Harold Whitlock

Harold Whitlock

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Harold Whitlock
Nationality Great Britain
PR 50K Walk – 4:30:38.0 (1936)
Born December 16, 1903 at Hendon, Greater London, England, Great Britain
Died December 27, 1985 at Wicklewood, Norfolk, England, Great Britain
Club Metropolitan Walking Club

Hector Harold Whitlock (1903 – 1985) was a British racewalker who competed mainly in the 50 kilometre walk.

After finishing second in the RWA 50 km. championship in 1931, Harold Whitlock won the title in 1933. He was champion again in 1935 and with victories in each of the next four years up to the outbreak of war, he won a total of six championships. Whitlock traded wins with Thomas Green, the 1932 Olympic champion, in many of the classic road race of the thirties but because he was ten years younger than Green, Whitlock inevitably got the upper hand as the years passed. In 1934, he won the first of four successive London-to-Brighton races and in 1935 he became the first man to complete the course in under eight hours. His winning time of 4:30:38 in the 1936 RWA 50km championship ultimately proved to be the fastest of his career and established him as one of the favorites for the Olympic title.

Photo by Tim Watt
Race Walking Record

He competed for Great Britain in the 1936 Summer Olympics held in Berlin, Germany in the 50 km walk where he won the gold medal, his time was 4 hours 30 minutes 42 seconds. Along with gold medals, the champions of the 1936 Olympics in Berlin were each presented with an oak sapling by Adolf Hitler. Whitlock planted his sapling in front of Hendon School, his old school north of London. It grew there into a 50 ft tree nicknamed the "Hitler Oak." It was cut down in 2007.[1]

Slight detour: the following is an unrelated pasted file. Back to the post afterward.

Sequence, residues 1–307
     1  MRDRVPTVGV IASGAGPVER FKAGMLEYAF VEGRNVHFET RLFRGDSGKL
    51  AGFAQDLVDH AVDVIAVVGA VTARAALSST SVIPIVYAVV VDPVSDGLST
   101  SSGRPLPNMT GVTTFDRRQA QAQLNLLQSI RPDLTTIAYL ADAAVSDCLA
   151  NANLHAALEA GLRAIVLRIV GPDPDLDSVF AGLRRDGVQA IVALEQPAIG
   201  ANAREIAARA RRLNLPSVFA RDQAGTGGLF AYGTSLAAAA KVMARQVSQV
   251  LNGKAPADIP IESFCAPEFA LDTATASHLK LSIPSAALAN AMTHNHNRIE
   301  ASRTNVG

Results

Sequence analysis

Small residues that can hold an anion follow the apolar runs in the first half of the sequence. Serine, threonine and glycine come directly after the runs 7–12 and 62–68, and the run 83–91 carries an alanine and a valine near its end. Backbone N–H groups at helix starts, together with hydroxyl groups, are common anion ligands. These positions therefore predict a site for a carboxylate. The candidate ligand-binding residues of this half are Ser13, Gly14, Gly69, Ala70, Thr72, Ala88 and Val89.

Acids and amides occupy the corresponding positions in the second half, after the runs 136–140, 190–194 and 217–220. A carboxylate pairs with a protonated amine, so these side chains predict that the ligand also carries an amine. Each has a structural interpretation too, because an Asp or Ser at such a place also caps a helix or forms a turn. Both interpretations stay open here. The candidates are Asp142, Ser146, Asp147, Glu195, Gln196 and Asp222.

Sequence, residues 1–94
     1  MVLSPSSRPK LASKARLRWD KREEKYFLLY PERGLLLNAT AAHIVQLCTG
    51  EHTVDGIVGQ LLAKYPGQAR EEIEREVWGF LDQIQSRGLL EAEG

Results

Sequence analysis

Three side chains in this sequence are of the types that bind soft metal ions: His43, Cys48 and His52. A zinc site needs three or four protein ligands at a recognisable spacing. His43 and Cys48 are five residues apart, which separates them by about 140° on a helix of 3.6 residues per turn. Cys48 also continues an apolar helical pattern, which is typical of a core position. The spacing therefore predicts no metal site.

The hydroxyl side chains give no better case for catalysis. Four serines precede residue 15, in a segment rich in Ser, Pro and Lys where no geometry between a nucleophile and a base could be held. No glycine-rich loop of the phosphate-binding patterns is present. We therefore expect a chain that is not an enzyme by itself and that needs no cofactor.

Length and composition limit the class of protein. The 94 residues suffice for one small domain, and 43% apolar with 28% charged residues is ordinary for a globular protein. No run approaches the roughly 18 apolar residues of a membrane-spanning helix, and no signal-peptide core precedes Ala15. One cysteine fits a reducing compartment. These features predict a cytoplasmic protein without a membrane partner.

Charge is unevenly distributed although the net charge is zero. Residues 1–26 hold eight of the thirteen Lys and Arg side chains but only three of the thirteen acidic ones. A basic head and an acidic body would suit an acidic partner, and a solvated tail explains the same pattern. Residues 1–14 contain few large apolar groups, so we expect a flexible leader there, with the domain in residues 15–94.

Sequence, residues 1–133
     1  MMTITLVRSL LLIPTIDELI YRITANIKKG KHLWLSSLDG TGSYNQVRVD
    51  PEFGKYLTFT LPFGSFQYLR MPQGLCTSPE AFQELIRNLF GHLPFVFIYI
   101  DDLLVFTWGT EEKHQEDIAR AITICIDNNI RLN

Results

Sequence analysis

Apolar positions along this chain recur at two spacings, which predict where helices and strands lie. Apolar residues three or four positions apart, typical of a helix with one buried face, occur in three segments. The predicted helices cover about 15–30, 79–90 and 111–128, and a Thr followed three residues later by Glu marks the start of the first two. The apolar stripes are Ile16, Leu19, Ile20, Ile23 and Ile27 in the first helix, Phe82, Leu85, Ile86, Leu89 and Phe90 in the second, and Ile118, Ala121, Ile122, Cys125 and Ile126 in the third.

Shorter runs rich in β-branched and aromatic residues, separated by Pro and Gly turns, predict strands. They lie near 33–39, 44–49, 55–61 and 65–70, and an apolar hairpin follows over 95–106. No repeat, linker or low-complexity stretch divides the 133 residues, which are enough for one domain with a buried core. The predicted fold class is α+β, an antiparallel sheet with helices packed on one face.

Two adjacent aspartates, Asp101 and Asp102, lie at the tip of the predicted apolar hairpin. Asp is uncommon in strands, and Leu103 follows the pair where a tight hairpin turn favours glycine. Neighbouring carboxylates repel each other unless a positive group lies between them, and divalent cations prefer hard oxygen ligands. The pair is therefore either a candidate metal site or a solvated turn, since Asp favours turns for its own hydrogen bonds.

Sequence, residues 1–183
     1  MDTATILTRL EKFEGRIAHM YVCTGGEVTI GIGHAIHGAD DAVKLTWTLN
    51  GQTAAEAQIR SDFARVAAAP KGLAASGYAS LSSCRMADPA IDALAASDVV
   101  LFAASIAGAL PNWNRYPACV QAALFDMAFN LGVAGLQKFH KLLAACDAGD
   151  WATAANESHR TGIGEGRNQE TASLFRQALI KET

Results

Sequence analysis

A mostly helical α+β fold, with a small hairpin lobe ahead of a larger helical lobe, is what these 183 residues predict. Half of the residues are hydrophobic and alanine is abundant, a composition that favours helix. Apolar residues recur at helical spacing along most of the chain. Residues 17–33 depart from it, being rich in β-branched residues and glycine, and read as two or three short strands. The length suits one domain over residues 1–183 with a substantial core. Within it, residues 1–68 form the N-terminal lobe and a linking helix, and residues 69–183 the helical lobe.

Whitlock then won the 1938 European title in Paris. In the immediate post-war years, he only competed intermittently, but his younger brother Rex Whitlock was selected for the 1948 Olympics. In 1952, Harold made a serious comeback and after finishing third in the RWA 50 km. he made a second Olympic appearance in 1952 at Helsinki, aged 48 years 218 days; which was the record of being Britain’s oldest ever international athlete. (In 1991, his star pupil Don Thompson broke that record at the age of 58.) In Helsinki, he finished 11th, a creditable performance in a field of 31, but his brother Rex finished ahead of him in fourth place.

Whitlock worked as a motor mechanic and as he had a special aptitude for tuning racing cars he was often called upon to assist with record attempts at the old Brooklands circuit. A highly respected coach and judge in his later years, he officiated at the 1960 Olympics in Rome when Thompson, won the gold medal. In 1966, Whitlock was awarded the MBE for his services to the sport.

External links


  1. Radford, Peter; David Smith. "Hitler's Olympic oak gift to Briton axed", The Observer, Aug 19, 2007. Retrieved on 2009-05-13.